Using Named Buffers
Thus far, all the examples you've seen have assumed the XML and XSLT data to be stored in static files. This assumption is true in most cases; however, some occasions do arise when your XML is dynamically generated, either from a database, by combining two or more files, or from some other dynamic data source. In such cases, saving this dynamically generated XML to a file and then processing it with xslt_process() can be a needlessly long and tedious process.
This is where named buffers come in. Named buffers allow you to store your XML and XSLT data in memory and then pass these variables on to xslt_process() for normal XSLT transformation.
As discussed in the "A Closer Look at xslt_process()" sidebar, the xslt_process() function can actually accept up to six arguments. Typically, the second and third arguments are references to the XML and XSLT files; however, they can also be the names of buffers containing the XML and XSLT data.
The following snippet might make this clearer:
As you can see, I first defined an associative array named $arg_buffer, and set it up with two keys representing the XML and XSL data, respectively. Next, I've used these keys (with the arg: prefix) as arguments to xslt_process(), which reads the data in the corresponding buffer and uses it to perform the transformation.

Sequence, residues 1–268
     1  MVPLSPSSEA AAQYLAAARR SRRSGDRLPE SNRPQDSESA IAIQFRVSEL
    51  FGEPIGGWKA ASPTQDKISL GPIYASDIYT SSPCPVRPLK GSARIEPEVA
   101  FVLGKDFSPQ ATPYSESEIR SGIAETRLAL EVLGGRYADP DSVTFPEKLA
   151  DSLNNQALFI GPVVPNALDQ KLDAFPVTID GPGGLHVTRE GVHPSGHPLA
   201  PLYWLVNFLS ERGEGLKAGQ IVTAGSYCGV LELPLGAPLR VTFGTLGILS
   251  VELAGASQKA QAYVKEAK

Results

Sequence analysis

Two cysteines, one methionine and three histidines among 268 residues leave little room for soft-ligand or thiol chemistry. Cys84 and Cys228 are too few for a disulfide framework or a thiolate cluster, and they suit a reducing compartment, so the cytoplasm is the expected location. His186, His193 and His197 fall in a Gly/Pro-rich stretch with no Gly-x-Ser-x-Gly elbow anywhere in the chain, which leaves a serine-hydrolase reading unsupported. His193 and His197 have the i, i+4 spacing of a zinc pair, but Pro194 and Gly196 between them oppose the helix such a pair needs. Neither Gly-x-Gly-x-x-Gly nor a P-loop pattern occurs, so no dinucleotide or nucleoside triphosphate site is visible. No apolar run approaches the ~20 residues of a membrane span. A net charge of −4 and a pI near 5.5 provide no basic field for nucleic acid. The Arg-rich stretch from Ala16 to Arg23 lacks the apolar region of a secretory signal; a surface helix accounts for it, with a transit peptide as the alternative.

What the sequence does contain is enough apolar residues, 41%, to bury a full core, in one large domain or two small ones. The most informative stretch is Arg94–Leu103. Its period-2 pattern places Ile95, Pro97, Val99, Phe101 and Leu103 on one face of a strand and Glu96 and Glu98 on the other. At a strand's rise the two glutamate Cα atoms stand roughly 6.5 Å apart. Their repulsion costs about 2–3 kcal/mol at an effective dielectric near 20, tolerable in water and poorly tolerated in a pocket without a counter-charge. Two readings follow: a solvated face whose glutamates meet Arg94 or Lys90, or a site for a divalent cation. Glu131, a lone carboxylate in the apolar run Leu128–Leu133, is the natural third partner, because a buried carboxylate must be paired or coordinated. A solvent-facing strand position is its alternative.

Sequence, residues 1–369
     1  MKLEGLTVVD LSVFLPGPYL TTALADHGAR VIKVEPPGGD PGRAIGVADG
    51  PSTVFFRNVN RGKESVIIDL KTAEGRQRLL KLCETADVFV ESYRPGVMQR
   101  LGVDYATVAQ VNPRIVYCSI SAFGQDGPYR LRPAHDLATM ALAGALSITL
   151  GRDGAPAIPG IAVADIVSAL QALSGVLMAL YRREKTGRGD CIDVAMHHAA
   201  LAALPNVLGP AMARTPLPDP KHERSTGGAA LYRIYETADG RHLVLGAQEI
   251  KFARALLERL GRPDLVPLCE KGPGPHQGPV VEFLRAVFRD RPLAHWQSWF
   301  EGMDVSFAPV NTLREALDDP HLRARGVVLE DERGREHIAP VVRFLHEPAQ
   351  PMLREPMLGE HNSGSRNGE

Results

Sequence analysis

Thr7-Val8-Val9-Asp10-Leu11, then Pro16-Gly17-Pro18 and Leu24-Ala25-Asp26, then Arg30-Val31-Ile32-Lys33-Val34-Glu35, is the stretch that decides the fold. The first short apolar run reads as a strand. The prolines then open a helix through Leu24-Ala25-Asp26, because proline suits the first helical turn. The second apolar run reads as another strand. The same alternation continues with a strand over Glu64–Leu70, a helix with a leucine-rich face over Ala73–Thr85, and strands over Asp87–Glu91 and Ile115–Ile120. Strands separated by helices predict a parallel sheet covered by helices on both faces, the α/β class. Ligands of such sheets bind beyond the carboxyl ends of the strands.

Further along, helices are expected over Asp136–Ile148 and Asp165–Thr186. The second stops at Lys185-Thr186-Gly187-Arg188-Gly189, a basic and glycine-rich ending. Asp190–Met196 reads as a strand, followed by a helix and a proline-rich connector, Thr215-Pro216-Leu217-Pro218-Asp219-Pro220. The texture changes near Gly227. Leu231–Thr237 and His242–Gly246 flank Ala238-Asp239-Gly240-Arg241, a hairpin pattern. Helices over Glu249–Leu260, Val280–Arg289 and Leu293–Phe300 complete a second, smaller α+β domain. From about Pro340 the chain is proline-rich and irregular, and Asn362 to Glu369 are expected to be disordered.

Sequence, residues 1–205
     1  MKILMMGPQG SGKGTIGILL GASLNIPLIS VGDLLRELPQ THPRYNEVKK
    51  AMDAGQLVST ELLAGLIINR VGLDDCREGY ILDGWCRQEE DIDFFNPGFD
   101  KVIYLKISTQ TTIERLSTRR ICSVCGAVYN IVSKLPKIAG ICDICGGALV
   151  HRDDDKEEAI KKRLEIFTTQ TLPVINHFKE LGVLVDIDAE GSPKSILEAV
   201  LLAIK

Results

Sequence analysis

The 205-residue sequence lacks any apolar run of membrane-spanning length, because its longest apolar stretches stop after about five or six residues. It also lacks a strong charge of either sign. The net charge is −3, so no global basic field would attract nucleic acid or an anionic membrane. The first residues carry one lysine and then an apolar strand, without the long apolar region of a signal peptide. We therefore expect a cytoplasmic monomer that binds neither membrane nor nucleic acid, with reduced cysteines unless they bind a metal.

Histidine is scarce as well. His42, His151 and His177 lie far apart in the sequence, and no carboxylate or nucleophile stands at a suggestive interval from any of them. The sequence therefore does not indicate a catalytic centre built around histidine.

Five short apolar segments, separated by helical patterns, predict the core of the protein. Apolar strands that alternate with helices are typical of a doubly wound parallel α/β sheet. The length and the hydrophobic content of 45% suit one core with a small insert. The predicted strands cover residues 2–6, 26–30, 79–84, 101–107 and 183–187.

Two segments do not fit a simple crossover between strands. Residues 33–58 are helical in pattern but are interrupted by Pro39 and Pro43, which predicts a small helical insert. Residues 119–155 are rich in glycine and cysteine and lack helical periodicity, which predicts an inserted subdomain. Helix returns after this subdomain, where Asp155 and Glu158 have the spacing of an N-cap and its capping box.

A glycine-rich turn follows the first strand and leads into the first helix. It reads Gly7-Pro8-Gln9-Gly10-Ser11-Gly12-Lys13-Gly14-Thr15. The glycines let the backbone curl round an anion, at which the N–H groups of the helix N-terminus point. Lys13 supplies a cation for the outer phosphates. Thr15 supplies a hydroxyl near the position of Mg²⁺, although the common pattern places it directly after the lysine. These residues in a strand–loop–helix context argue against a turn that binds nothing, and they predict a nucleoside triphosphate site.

It should be noted at the outset that this capability is available only if your PHP build uses the Sablotron engine. This is because the arg: URI scheme is a Sablotron-specific extension, and it is not likely to work with other XSLT processors.
When using this technique, it is mandatory to specify the name of the variable containing the buffers as the (otherwise optional) fifth argument to xslt_process().
Listing 4.7 is a detailed example to put it all in context.
You should also take a look at Listing 4.12, which demonstrates how named buffers can be used with dynamically generated XML data from a database.